Our lightly optioned Motor City special totaled just $57,180 delivered – and that includes all the Z51 go-faster bits, the dynamic exhaust, as well as $1,190 in painted trim and brake calipers not seen on our photo car. That's substantially cheaper than the far less powerful, far less equipped Porsche Cayman S ($63,800), one of our very favorite cars, yet it's capable of giving class-above players like the 911 S and Nissan GT-R absolute fits on a roadcourse – models with MSRPs nearly double that of this Kentucky wildcat.

If you're checking the scorecard, that's modern looks, killer performance, up-to-snuff interior, everyday usability, excellent fuel economy and peerless value all squarely in this Chevrolet's win column. Will that be enough to cajole the naysayers out of their pricier rivals from Stuttgart and Tochigi (not to mention Munich, Ingolstadt and Affalterbach)? It should be adequate ammunition to give them all pause and convert more than a few, but in reality, marque loyalty runs pretty deep in these waters – 911 types are 911 types, GT-R guys are GT-R guys, and Corvette loyalists are definitely Corvette loyalists. So it was, and so it always will be.

No matter – even if not everyone will appreciate it, the 2014 Corvette Stingray is the indisputable high-performance deal of our still-young century. It's positively salute-worthy. Hooah!


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    • 1 Second Ago
  • 243 Comments
      oRenj9
      • 1 Year Ago
      "With the Germans, even the options have options." Hehe.
      Eta Carinae
      • 1 Year Ago
      My chevy dealer just got one today in white and it looks so stunning in person.......this will definitely catch the eyes of younger buyers that wouldn't have dared looked at the C6.......and that price !!!!! Chevy could have easily priced this in the 70k range from the performance only....great job chevy, corvette is an actual affordable and reachable sports car for the average joe :)
        Chumley
        • 1 Year Ago
        @Eta Carinae
        I agree 100%. I've never owned a Corvette but do have respect for the folks that have been loyal to the name for decades. This model maintains semi-affordability and performance but design-wise is appealing to a whole new cohort of potential buyers.
      Bandit5317
      • 1 Year Ago
      I have read almost every review of this car, and it has received unanimous high praise. Besides the styling, which is subjective, no one can find any even slightly major faults with it. Then there's the price. Everyone agrees that nothing under $100k can touch this car in terms of refinement, interior quality, and performance, and the C7 starts at nearly half of that. Just think, if this is the base car, then the Z06 and ZR1 are going to be absolute monsters.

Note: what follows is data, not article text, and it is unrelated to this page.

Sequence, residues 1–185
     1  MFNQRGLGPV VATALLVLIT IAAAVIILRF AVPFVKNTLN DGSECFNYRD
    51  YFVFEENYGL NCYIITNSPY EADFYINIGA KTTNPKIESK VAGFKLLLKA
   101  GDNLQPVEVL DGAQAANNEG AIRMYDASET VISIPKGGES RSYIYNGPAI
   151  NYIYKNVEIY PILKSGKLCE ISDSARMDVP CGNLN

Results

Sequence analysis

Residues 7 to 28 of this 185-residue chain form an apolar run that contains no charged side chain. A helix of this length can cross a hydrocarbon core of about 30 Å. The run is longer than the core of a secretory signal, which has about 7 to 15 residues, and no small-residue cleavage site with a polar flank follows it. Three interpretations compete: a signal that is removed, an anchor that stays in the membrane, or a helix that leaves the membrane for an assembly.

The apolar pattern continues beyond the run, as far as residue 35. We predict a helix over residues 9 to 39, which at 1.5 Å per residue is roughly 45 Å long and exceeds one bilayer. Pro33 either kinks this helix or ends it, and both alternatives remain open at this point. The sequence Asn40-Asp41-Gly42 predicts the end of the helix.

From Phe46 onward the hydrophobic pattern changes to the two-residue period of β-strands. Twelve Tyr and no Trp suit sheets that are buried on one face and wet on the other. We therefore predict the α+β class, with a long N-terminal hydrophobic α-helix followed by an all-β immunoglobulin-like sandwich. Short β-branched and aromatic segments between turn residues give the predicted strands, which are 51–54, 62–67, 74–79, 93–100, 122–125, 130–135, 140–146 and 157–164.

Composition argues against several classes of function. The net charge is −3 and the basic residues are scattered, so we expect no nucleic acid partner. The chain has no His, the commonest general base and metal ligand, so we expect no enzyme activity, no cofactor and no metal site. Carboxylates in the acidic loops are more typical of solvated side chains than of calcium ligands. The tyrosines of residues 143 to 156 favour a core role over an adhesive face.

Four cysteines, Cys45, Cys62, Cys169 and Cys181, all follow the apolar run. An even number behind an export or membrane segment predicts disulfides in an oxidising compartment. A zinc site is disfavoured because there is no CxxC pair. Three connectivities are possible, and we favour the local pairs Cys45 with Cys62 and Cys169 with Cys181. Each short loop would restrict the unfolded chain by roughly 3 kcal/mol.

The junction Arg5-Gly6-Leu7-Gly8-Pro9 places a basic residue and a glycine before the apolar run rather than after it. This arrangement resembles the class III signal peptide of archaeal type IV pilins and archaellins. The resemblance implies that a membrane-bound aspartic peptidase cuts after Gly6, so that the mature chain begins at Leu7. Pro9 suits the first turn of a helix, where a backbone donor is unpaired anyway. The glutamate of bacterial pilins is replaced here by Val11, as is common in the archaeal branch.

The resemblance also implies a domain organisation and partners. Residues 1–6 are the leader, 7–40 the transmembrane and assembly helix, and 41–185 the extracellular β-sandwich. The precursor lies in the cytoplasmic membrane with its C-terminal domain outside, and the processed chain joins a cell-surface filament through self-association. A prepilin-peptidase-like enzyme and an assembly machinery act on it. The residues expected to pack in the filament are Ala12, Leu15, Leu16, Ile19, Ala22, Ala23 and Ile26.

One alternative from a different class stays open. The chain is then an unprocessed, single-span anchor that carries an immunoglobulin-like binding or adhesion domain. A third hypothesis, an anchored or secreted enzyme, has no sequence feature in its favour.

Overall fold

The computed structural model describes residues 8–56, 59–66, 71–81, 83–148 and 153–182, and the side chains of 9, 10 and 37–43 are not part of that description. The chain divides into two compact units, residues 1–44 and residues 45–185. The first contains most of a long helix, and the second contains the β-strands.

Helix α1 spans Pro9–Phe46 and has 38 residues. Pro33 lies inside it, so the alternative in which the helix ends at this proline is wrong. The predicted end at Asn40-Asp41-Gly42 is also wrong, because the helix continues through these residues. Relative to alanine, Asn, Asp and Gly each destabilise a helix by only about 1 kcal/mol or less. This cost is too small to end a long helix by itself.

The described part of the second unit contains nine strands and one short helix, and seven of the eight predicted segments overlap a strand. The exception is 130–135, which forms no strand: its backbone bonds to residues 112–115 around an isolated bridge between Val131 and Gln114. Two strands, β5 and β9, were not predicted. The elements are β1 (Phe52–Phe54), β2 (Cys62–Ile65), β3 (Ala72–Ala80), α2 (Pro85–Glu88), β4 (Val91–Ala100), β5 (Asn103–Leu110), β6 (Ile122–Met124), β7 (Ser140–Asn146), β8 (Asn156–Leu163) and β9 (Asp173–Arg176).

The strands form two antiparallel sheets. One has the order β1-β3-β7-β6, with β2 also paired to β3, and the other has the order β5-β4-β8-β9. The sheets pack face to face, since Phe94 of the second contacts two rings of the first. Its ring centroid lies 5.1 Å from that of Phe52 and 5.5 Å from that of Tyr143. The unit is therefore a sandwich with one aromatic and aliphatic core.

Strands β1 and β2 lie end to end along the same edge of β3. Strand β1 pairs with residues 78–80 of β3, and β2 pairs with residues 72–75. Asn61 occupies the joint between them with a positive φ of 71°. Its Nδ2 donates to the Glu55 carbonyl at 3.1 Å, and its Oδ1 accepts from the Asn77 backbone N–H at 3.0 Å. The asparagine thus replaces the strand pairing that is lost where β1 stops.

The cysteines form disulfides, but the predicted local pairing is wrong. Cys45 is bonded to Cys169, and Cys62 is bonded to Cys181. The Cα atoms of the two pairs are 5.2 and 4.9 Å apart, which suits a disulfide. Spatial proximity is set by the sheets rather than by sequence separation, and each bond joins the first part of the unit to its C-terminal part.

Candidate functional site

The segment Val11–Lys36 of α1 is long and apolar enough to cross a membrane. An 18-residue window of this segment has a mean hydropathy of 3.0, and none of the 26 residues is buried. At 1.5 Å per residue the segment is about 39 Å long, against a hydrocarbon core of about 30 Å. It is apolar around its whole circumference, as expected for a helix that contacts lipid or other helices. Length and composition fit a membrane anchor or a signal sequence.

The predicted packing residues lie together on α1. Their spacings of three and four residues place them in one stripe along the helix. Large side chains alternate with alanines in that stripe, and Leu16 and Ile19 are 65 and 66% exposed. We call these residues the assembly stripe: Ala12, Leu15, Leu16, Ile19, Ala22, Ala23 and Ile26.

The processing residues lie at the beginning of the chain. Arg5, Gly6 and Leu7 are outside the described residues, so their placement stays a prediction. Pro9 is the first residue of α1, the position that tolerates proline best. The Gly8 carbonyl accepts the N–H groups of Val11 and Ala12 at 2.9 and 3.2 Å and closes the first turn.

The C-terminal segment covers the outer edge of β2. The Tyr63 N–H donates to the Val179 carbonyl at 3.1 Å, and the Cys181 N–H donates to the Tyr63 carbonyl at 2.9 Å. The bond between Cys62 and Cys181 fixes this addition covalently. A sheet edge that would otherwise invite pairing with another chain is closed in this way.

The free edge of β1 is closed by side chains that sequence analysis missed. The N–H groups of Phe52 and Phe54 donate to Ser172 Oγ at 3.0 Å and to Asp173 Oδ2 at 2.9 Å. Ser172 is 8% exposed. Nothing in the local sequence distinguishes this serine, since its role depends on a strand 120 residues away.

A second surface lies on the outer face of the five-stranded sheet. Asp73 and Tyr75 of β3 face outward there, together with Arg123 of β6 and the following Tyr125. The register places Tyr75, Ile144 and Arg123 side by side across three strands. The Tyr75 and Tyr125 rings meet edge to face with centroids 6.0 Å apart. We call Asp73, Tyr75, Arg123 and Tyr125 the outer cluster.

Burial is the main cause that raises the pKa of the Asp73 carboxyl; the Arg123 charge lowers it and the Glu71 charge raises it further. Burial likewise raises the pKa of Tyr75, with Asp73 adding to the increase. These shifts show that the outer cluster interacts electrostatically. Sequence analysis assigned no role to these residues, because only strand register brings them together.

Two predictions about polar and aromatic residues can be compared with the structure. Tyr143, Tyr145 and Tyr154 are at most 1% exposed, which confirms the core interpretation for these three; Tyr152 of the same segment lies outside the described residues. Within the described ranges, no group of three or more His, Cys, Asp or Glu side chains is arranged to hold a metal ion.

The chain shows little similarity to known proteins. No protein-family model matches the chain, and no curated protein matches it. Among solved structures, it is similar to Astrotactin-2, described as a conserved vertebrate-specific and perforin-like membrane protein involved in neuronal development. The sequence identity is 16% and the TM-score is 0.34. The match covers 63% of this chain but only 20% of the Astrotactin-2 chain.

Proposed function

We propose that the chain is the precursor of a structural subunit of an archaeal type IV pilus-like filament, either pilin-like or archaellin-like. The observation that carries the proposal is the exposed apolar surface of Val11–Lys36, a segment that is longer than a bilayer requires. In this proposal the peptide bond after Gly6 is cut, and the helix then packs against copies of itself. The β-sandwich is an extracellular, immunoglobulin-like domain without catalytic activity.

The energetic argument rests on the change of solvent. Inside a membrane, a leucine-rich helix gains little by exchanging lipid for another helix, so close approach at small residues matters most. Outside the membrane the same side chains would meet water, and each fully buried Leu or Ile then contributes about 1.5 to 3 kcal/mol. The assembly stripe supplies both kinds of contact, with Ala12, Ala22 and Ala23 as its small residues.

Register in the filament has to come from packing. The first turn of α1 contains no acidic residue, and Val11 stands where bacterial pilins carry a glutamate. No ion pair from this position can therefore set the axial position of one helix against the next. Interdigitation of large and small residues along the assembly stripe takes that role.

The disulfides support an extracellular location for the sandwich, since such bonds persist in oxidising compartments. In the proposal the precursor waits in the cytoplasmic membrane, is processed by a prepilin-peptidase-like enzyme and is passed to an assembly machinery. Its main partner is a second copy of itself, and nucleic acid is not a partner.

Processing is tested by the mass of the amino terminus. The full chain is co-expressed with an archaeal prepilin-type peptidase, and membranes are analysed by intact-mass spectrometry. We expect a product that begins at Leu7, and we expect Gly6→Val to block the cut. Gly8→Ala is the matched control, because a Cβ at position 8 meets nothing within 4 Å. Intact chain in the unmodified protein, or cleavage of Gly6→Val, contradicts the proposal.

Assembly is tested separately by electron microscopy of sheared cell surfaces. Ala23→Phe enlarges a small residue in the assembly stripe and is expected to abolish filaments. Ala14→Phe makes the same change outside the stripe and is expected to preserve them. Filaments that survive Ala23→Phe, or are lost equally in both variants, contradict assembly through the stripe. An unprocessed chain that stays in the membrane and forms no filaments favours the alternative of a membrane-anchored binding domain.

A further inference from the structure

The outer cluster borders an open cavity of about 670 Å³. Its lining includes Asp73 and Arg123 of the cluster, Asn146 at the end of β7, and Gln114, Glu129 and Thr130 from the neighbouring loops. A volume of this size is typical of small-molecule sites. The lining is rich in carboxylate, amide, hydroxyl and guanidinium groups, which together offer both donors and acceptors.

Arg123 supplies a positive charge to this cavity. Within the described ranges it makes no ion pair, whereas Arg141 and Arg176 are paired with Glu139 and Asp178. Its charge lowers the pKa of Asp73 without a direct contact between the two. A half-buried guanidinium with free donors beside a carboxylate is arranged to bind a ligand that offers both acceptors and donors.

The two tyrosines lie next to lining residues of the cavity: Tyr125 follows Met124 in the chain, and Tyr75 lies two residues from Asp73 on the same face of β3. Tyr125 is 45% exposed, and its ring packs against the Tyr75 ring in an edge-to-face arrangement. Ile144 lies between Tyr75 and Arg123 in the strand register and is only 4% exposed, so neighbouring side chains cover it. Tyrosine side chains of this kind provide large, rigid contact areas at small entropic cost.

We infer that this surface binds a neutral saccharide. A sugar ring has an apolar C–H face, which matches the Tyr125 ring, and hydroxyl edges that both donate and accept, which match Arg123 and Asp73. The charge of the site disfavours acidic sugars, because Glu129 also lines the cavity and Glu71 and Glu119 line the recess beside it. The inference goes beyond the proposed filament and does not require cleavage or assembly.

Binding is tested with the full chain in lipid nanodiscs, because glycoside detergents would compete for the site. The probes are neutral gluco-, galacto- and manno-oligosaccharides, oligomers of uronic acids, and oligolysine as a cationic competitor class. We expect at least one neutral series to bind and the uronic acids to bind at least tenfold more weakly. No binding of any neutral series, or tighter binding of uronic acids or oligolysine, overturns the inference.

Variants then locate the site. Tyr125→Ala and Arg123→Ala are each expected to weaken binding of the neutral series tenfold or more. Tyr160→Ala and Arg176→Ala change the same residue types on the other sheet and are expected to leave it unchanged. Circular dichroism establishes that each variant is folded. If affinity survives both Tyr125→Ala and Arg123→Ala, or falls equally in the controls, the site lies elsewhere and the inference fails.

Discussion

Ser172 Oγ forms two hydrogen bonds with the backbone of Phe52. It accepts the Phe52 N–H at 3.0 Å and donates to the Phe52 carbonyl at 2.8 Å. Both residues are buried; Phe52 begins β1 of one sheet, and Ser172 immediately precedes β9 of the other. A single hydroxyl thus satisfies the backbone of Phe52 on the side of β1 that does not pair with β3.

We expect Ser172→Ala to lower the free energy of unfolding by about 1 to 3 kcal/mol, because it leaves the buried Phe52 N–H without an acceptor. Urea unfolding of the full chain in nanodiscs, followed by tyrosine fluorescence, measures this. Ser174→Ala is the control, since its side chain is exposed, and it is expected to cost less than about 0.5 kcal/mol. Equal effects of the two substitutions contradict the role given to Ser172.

Eta Carinae
        • 1 Year Ago
        @Bandit5317
        Say dat $hit again !!!! This what happens when america is building its finest......we all know GM had it in them when there mind is in the game.....this corvette is nothing to play with on a base level let alone the other two trims (ZR1 is going to rival ferrari and Lamborghini and cost 1/3 the price) .....can't wait for them and much more from GM.....#americanresurgence
          riserburn99andre
          • 1 Year Ago
          @Eta Carinae
          The best part is they made it so you can have several different great interior options if you want them. That has been the one biggest gripe and now without that haters have nothing to say.
          R.t Voll
          • 1 Year Ago
          @Eta Carinae
          Exactly. So many people like to joke about how American cars are crap but what they don't realize is that at one point The Detroit three was the best there was. Glad to see were finally building good cars again.
      Cruising
      • 1 Year Ago
      The exterior shots of the car just look so surreal, it's as though that car in the photos does not look real but it is, amazing!
      Red Sauce
      • 1 Year Ago
      Offgassing. I just wanted to type that out.
      Kay Yamabushi
      • 1 Year Ago
      i get mine in 2 months..... im waiting.
      Spartan
      • 1 Year Ago
      Chevy has outdone themselves with the C7. I want one!
      Frisky_Dingo
      • 1 Year Ago
      I really have nothing negative to say about the car except for the styling, which is subjective. And even it's not *bad, just not great, and not what I envision when I think 'Corvette'. Maybe that's what they were going for, who knows? At any rate, as yet another Euro lover in the comments section, I too, have to give credit where credit is due. It sounds as though GM nailed it on the driving dynamics front with this car. Good for them. And the interior quality is finally something to not be ashamed of. Cost no object, would I take it over a 911?? No, but cost is an object for many, and I can certainly see how difficult it'd be to make a case for the German. It now holds only incremental advantages in fewer areas than ever, but for a greater cost than ever. Sports car fans rejoice.
        • 1 Year Ago
        @Frisky_Dingo
        [blocked]